Learning and Control Strategies for Cyber-physical Systems: From Wireless Control over Deep Reinforcement Learning to Causal Identification
Time: Wed 2020-12-09 16.00
Location: zoom link for online defence (English)
Subject area: Electrical Engineering
Doctoral student: Dominik Baumann , Reglerteknik, Max Planck Institute for Intelligent Systems, Division of Decision and Control Systems
Opponent: Professor Paulo Tabuada, University of California, Los Angeles
Supervisor: Karl H. Johansson, Signaler, sensorer och system, Reglerteknik, ACCESS Linnaeus Centre; Professor Sebastian Trimpe, RWTH Aachen University
Cyber-physical systems (CPS) integrate physical processes with computing and communication to autonomously interact with the environment. This enables emerging applications such as autonomous driving or smart factories. However, current technology does not provide the dependability and adaptability to realize those applications. CPS are systems with complex dynamics that need to be adaptive, communicate with each other over wireless channels, and provide theoretical guarantees on proper functioning. In this thesis, we take on the challenges imposed by wireless CPS by developing appropriate learning and control strategies.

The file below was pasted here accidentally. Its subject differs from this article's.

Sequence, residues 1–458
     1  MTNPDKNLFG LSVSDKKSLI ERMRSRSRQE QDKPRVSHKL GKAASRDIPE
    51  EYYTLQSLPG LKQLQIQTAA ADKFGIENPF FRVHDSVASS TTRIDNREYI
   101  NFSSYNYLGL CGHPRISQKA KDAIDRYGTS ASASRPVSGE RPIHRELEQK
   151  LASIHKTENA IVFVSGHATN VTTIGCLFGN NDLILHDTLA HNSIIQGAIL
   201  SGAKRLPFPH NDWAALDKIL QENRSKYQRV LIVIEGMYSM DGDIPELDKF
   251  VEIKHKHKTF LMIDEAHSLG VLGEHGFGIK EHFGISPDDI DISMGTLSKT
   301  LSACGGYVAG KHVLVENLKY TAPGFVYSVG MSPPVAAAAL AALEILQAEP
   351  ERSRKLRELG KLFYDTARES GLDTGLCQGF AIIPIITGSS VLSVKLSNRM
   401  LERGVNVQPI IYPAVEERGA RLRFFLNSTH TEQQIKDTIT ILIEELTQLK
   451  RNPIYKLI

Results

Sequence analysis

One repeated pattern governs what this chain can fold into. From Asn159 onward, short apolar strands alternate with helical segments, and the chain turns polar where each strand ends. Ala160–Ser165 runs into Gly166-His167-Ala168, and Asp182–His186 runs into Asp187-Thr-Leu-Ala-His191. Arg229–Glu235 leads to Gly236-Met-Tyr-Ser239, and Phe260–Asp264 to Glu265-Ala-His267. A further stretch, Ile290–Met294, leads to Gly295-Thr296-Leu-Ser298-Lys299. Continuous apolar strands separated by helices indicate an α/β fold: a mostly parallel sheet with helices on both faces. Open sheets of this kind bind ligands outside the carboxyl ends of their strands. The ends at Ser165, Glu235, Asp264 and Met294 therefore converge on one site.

In the first part of the thesis, we present a holistic approach that enables provably stable feedback control over wireless networks. At design time (i.e., prior to execution), we tame typical imperfections inherent in wireless networks, such as communication delays and message loss. The remaining imperfections are then accounted for through feedback control. At run time (i.e., during execution), we let systems reason about communication demands and allocate communication resources accordingly. We provide theoretical stability guarantees and evaluate the approach on a cyber-physical testbed, featuring a multi-hop wireless network supporting multiple cart-pole systems.
In the second part, we enhance the flexibility of our designs through learning. We first propose a framework based on deep reinforcement learning to jointly learn control and communication strategies for wireless CPS by integrating both objectives, control performance and saving communication resources, in the reward function. This enables learning of resource-aware controllers for nonlinear and high-dimensional systems. Second, we propose an approach for evaluating the performance of models of wireless CPS through online statistical analysis. We trigger learning in case performance drops, that way limiting the number of learning experiments and reducing computational complexity. Third, we propose an algorithm for identifying the causal structure of control systems. We provide theoretical guarantees on learning the true causal structure and demonstrate enhanced generalization capabilities inherited through causal structure identification on a real robotic system.